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Converting optical energy to electric energy is a huge business based on the photovoltaic effect. Is there an analogous effect for phonons? Are ther devices which convert phonon energy to electric energy

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up vote 6 down vote accepted

Yes. The Seebeck effect, for example, is the direct conversion of thermal gradient to electric voltage. It is used in the small scale in thermocouples to measure temperatures electronically, or in the larger scales in thermoelectric generators for power generation.

In fact, many of the long-range space probes launched by NASA get power this way. Radioactive material generates heat on decay, which gets converted to electricity, which then allows probes like Voyager 2 to have power faraway from the sun where solar power is not available.

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I am seeking an effect which does not require temperature gradient. Can a device be built which captures "flying" phonons and convert them to electric energy without the need for a colder surface? I am aware that such an idea may violate the 2nd law of thermodynamics, but I wish to know from a technological perspective why this is (not) feasible. –  Tarek Jul 12 '12 at 13:12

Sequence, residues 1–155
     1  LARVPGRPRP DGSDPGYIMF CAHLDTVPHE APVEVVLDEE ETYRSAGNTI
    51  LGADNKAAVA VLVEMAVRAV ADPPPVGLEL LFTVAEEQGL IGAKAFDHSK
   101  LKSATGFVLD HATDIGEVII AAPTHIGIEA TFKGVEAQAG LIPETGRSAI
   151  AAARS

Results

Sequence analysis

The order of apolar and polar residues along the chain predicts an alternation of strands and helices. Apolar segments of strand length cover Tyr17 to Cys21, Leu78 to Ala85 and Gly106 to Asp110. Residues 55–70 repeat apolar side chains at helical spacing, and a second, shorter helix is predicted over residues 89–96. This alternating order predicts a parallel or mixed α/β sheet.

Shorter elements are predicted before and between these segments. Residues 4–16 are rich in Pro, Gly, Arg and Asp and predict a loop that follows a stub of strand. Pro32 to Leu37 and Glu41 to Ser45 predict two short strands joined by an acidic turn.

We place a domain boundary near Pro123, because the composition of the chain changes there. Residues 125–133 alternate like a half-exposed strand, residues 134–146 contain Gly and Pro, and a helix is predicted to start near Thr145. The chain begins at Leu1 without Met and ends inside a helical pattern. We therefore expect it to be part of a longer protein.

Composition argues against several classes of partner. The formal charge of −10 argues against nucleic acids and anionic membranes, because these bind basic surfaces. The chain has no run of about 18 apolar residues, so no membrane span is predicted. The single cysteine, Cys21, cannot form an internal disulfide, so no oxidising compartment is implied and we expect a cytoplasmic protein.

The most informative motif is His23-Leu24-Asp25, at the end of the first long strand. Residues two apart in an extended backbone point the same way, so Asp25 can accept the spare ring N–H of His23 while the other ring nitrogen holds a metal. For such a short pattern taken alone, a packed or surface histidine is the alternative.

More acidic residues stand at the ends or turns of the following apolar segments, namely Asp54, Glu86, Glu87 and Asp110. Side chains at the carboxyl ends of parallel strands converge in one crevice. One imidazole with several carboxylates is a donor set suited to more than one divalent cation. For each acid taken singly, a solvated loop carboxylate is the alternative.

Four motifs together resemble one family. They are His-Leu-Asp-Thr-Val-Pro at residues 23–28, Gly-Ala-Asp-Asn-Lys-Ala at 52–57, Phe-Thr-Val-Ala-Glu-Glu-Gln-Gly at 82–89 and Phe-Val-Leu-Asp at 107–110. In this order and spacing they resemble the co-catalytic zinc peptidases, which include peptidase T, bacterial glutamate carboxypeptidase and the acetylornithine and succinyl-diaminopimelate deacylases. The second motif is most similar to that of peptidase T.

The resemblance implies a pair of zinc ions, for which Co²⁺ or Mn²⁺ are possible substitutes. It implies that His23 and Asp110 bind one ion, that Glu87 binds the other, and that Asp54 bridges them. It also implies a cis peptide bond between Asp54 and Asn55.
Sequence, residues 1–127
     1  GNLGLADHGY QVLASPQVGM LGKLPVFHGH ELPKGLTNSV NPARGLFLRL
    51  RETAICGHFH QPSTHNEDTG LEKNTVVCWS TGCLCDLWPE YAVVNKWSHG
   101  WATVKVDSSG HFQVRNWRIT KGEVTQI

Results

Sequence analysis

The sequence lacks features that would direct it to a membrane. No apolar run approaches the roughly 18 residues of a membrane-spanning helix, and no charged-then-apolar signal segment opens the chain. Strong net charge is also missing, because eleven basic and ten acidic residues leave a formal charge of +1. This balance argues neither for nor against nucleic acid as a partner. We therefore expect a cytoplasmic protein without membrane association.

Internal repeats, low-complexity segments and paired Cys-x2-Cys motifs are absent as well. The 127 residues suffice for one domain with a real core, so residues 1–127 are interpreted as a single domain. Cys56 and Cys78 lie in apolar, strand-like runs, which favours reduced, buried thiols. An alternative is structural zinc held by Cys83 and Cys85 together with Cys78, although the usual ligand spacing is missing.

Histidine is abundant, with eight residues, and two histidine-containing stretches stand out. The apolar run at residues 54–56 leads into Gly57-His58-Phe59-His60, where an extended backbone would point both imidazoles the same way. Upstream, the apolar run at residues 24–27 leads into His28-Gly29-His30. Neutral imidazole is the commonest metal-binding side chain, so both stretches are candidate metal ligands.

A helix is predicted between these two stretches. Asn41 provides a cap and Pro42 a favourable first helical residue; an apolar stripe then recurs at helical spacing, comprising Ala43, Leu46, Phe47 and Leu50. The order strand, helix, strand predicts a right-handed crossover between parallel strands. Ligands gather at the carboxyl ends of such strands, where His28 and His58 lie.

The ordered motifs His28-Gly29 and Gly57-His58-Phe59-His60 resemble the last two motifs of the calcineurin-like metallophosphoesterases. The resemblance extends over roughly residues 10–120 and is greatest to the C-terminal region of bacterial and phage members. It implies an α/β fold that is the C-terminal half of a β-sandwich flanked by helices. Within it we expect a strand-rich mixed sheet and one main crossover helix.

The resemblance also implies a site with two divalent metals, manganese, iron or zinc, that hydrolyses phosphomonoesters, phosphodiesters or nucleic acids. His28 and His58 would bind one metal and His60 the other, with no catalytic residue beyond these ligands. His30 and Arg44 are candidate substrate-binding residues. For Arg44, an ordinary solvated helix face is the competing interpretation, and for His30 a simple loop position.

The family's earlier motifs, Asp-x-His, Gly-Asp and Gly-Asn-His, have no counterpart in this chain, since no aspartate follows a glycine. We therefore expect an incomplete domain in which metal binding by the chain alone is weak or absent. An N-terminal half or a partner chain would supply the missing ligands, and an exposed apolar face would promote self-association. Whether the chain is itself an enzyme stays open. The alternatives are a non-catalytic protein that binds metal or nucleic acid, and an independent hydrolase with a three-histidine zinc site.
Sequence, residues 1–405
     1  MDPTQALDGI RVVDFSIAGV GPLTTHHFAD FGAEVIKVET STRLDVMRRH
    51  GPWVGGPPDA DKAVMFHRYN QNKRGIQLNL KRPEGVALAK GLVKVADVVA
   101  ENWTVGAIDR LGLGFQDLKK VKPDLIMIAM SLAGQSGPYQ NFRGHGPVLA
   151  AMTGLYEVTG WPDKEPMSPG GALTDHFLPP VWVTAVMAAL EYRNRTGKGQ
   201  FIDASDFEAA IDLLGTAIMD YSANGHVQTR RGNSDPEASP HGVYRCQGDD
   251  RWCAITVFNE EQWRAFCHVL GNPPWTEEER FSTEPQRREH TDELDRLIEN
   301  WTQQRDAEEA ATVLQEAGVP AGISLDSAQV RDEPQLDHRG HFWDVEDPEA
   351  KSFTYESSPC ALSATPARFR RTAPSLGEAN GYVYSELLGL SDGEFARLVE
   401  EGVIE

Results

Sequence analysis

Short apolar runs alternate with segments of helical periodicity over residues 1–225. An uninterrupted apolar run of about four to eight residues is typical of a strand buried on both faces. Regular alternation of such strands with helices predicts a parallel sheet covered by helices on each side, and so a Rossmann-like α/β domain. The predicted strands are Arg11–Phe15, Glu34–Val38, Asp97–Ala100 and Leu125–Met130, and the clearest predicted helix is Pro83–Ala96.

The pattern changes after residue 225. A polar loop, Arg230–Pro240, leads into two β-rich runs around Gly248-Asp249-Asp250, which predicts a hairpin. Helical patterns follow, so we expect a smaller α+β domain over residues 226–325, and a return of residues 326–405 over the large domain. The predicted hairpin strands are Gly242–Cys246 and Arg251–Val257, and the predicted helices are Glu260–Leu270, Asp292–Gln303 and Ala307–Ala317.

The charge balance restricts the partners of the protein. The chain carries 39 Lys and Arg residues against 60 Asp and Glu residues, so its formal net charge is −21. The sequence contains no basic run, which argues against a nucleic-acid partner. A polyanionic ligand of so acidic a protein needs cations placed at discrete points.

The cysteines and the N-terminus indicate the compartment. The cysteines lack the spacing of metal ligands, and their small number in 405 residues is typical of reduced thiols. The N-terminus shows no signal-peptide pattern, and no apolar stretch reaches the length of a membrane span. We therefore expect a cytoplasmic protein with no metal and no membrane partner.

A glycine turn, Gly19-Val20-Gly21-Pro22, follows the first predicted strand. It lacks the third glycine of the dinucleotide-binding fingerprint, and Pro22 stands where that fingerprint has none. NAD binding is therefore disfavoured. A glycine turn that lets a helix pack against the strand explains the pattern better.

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@Tarek: So you seek something that you already know doesn't exist!? –  Hans-Peter E. Kristiansen Jul 12 '12 at 15:17
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How about the Piezo-electric effect?

if I'm not mistaken, pressure on the crystal is in essence equal to long-wavelength phonons.

If that's not what you're after, perhaps read this, or else this paper (both the result of a 5 minute Google scholar session).

They're don't seem to contain exactly what you're after (haven't read them thoroughly though), but are related nonetheless. At least they are a hint that a workable device to convert short-wavelength phonons to electrical energy is currently only available on the nano-scale.

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